in the city at night

My CD of solo English horn works! Click here or on the CD to buy from CD Baby.

This CD project was a little over a year in the making. While it is my debut solo CD, this project is not and never has been about me. It’s about the music and the composers on the CD. I hope I captured the music and character of these pieces for all the listening audience.

I began this project with the idea in mind to have some of my friends write solo English horn pieces for me to play on some of my chamber music concerts. Since I didn’t really enjoy the music in the ‘standard repertoire’ I went to these friends for new compositions. The first piece I got was from Dante De Silva who has written me tons of music over the years. Then followed works by Jenni Brandon and Abe Fabella, with everyone else on the CD following shortly thereafter. These pieces are ALL great and each has their own unique voice.

Click here to listen to sound clips from the CD!»

Click on the compser’s name to see their website. You can read about the pieces by clicking on the ‘program notes’ links.

Jenni Brandon In the City at Night program notes»
Dante De SilvaIcarus
Abe Fabella…And After That
Tim Hagen The Ugly Duckling
Kevin Saunders Hayes Tempted Suite
Allen MentonTragic Odes program notes»
Mark PopeneyReverie
Eric SchwartzEletelephony and Other Tales of Whoa! program notes»
Jennifer StevensonBorrowed Forms

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1. Borrowed Forms – by Jennifer Stevenson
2. In the City at Night – by Jenni Brandon
3.…And After That– Abe Fabella
4. Tragic Odes – Allen Menton
5. Icarus – Dante De Silva
6. Eletelephony – Eric Schwartz
7. Ugly Duckling – Tim Hagen
8. Tempted Suite – Kevin Saunders Hayes

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In The City At Night was written at the request of Ryan Zwahlen, oboe and English horn player with the Definiens Project…I wanted to write him a piece that uses the lovely, lyrical range of the English horn while at the same time composing something that was also rhythmically fun to play. In The City At Night focuses on just that; it is at times playful and fast like many lights blinking on just after dusk in the city. At other times it is quiet and serene like the city streets that are empty at the early hours before dawn. In creating this world I wanted the listener to be left with thoughts and impressions of a city after dark, and the lone voice of the English horn telling the story of a night adventure on the city streets. Powered by Hackadelic Sliding Notes 1.6.5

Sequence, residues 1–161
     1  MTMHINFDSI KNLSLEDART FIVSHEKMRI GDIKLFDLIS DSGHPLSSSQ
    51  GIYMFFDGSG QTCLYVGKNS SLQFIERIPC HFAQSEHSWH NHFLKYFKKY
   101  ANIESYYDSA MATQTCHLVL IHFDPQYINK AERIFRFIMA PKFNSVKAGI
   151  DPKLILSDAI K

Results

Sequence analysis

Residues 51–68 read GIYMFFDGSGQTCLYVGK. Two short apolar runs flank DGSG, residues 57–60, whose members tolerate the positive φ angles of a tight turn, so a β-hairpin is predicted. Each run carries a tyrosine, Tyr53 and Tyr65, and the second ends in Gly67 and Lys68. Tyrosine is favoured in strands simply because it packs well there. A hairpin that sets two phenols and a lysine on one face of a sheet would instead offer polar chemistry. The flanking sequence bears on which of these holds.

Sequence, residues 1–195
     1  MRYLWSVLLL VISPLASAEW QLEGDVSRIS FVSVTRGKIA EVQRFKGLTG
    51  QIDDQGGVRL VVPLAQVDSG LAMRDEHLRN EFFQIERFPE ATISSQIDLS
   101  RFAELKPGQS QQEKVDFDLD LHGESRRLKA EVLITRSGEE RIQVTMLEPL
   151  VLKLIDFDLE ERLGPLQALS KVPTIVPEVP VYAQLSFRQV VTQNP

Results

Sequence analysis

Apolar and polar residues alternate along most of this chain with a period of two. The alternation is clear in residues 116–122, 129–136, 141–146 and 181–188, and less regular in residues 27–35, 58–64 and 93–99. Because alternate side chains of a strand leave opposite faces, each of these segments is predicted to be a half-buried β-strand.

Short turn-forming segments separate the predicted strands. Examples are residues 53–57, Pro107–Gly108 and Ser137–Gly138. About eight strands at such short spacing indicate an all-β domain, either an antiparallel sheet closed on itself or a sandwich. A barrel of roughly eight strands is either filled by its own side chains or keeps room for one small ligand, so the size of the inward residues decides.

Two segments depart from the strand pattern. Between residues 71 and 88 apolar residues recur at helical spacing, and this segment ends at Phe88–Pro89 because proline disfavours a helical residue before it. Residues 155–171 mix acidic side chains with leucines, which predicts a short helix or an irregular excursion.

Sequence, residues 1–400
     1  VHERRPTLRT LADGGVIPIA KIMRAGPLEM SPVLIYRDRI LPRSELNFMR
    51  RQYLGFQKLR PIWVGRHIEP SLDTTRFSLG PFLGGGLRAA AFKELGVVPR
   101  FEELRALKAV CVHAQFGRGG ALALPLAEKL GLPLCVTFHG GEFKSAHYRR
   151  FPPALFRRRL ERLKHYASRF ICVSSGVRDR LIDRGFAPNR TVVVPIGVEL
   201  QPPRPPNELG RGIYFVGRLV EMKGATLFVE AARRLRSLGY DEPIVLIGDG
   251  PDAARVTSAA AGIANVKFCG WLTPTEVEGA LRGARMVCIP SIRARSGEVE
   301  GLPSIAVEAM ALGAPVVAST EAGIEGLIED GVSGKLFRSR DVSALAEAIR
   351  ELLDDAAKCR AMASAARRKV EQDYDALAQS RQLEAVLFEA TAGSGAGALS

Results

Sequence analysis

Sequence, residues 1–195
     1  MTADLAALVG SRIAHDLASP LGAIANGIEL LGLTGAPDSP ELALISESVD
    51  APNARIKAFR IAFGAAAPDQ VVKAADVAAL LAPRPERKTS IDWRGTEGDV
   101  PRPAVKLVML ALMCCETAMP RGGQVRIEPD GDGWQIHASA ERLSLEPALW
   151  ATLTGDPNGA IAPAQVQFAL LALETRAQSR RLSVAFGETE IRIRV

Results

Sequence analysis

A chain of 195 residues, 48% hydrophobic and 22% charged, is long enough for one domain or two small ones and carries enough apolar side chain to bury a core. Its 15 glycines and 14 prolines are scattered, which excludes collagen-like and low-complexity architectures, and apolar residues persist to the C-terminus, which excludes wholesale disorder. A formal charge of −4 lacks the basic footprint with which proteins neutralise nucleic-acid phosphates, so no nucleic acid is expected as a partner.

I. Salmacis, the Curious Nymph lived in a beautiful lake on Mount Ida. One day a shy youth named Hermaphroditus took a break from his hunting to bathe in its cool waters.  Salmacis conceived an immediate passion for him, but he resisted her overtures. In exasperation she beseeched the gods to make them inseparable, and the gods complied, fusing the two bodies into one creature, neither man nor woman, yet both.  Fused as one, they sank beneath the surface and drowned. The lake remains, but legend says the gods granted Hermaphroditus his last wish, that the water causes impotence for all who bathe in them.
II. Pirene, the Lamenting Nymph bore two sons by the god Poseidon, but both sons perished horribly. Her grief was inconsolable and she sat weeping outside the gates of Corinth. Her endless tears transformed her into a fountain which remains to this day.
III. Echo, the Chattering Nymph formed part of Hera’s retinue. Whenever Zeus pursued some amorous affair, Echo distracted Hera with chattering gossip and singing. When Hera discovered the ruse, she deprived Echo of speech, condemning her to repeat the last syllable of whatever she heard. Rejected by her beloved Narcissus, Echo withdrew to live in solitary caves, where her voice lives on.
IV. Callisto, the Heroic Nymph took a vow of chastity in order to join the retinue of Artemis. When the amorous Zeus appeared to her disguised as Artemis, Callisto realized the deception too late. To protect Callisto from Artemis’ wrath, Zeus changed her into a great bear, but Artemis killed her with arrows. After her death, Callisto was transformed into a constellation of stars, which can still be seen in the night sky.Powered by Hackadelic Sliding Notes 1.6.5
To my mind nothing is more difficult to compose than a work for solo wind or brass, as the textural limitations of these instruments can be pretty creatively overwhelming. As such, writing a piece for solo english horn was an intimidating proposition. So I cheated. Ha. Instead of a solo work, I decided to create a duo for speaker/singer and english horn, infinitely expanding the palate I had to play with compositionally. It may have been cheating, but I had great fun setting the wonderful, whimsical poetry of Laura Richards for this wee ensemble. I hope you enjoy the results.Powered by Hackadelic Sliding Notes 1.6.5

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